posted on Feb, 1 2005 @ 04:06 PM
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Definitely one of the oddest historical mysteries of America.

In a book called "The Frontiersmen" it mentions a tribe of white Indians living in the Tennessee-Kentucky-Ohio River area who were called the "Azgen." The book in the end notes that this tribe could have possibly been the colonists from Roanoke. Just passing that along.

However, my own research leads me to believe that the Azgen were unrelated to the Roanokers, and you'll find a topic on this somewhere in this forum that I brought up last week.



posted on Feb, 1 2005 @ 05:15 PM
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If I remember correctly they found "cro" or something similar carved into one of the trees when a rescue mission was sent. It was in line with what they were supposed to do if they left and meant that they had been taken in by the Croatan tribe that was a local tribe near them. There is also a history in this tribe if I remember correctly of some people with European features and English last names.



posted on Feb, 1 2005 @ 05:30 PM
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Interesting history. If these people were the first europeans to settle in the new world, would they be the ones giving the natives around them the name 'Croatan'? and if so, would John White have known that the natives were named so?



posted on Feb, 1 2005 @ 05:36 PM
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Either Croatan was the name the Indians used or what the colony called them. Either way they were instructed that if they left, they were supposed to carve where they were going on that particular tree. Cro was carved, there was at least some understanding that Cro reffered to those Indians in question, and there is some evidence that some Europeans were assimilated into their population early on. Its as good a theory as any other I've heard.



posted on Feb, 15 2005 @ 01:38 PM
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interesting info provided by Lady V:



People: Descendants of the native tribe who took in the lost colony of Roanoke, the Lumbee (or Croatan) Indians have been denied federal status as an Indian nation because of their high degree of mixed blood. They are recognized by the state of North Carolina, however, and are 40,000 people strong, making them one of the largest Native American tribes remaining in the eastern US.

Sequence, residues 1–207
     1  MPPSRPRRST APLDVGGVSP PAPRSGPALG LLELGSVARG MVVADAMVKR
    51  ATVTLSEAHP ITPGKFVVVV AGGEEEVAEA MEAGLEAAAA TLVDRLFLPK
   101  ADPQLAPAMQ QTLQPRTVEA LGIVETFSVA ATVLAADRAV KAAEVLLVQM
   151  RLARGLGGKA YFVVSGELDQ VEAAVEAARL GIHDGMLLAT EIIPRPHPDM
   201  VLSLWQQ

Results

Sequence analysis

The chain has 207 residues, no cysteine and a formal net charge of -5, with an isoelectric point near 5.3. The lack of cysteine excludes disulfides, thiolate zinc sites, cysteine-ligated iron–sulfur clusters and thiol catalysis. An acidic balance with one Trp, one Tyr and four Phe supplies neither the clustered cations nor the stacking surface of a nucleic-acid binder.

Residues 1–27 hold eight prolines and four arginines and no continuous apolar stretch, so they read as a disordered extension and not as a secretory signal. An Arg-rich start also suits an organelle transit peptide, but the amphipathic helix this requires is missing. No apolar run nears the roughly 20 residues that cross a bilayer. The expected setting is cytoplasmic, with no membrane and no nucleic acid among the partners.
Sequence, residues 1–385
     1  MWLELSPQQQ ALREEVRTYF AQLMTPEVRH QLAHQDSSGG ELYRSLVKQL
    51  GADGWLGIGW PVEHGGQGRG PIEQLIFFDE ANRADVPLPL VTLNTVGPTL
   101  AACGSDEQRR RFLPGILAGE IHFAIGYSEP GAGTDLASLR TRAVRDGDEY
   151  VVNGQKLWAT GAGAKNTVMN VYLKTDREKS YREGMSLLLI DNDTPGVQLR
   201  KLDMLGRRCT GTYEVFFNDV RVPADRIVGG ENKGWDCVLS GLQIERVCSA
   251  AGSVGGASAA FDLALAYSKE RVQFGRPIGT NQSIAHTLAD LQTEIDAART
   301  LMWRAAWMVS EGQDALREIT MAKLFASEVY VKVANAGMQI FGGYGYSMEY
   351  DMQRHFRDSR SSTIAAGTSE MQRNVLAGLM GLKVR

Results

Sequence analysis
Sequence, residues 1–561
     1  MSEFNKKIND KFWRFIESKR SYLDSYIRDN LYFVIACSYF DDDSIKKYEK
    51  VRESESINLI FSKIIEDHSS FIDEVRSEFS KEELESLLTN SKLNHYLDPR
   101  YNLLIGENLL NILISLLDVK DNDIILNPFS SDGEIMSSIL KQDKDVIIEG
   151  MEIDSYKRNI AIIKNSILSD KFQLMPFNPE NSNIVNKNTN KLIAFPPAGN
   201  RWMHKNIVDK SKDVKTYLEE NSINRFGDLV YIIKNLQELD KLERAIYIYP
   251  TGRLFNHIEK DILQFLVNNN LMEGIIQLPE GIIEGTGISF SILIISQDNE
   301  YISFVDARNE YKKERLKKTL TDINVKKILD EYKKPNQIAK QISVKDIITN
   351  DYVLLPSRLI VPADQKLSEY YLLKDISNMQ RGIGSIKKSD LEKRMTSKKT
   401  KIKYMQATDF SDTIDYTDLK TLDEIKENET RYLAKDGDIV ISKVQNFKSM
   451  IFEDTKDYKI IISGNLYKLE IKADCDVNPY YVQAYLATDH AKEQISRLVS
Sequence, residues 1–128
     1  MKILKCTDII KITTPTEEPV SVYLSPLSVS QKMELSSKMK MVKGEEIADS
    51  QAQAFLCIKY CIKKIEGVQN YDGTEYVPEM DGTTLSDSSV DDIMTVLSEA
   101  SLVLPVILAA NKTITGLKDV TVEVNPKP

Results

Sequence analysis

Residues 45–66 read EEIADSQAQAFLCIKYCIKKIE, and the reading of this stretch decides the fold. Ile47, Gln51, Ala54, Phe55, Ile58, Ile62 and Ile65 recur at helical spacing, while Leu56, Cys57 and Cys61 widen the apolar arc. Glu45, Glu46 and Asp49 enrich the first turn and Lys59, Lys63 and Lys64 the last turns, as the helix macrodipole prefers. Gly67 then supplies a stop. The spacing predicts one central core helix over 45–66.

Quite interesting indeed. More info at:
www.native-languages.org...



posted on Feb, 15 2005 @ 01:40 PM
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More from that site provided by Lady V:

History: The Lumbee don't entirely understand why people persist in calling the Roanoke colony the "Lost Colony," since they left an explicit note telling where they were going (Croatan, an island belonging to some friendly Indians) and since the descendents of the Croatoan Cheraw were found some 50 years later speaking English, practicing Christianity, and sporting about 75% of the last names the colonists had brought with them. By all accounts, though, those descendents--who called themselves "Lumbee" Indians, after the river running through their traditional lands--were mixed-race, so mixed-race they were not sent to Oklahoma with the other Native Americans of North Carolina in the 1820's and 30's. North Carolina was not the most pleasant place to live in the 19th century if your skin was dark, though, and increasing violence against Lumbees and free mulattos set the stage for the Lumbee folk hero Henry Berry Lowrie in the 1860's. Called the "Indian Robin Hood" by some, Lowrie, enraged by the assault and murder of his family, spent the next decade wreaking vigilante justice on those who harassed Indians and stealing supplies to give to the disenfranchised. He was never caught, and his legend--brave, proud, dangerous when provoked, and above all else free--remains a powerful tribal metaphor.



posted on Feb, 15 2005 @ 01:50 PM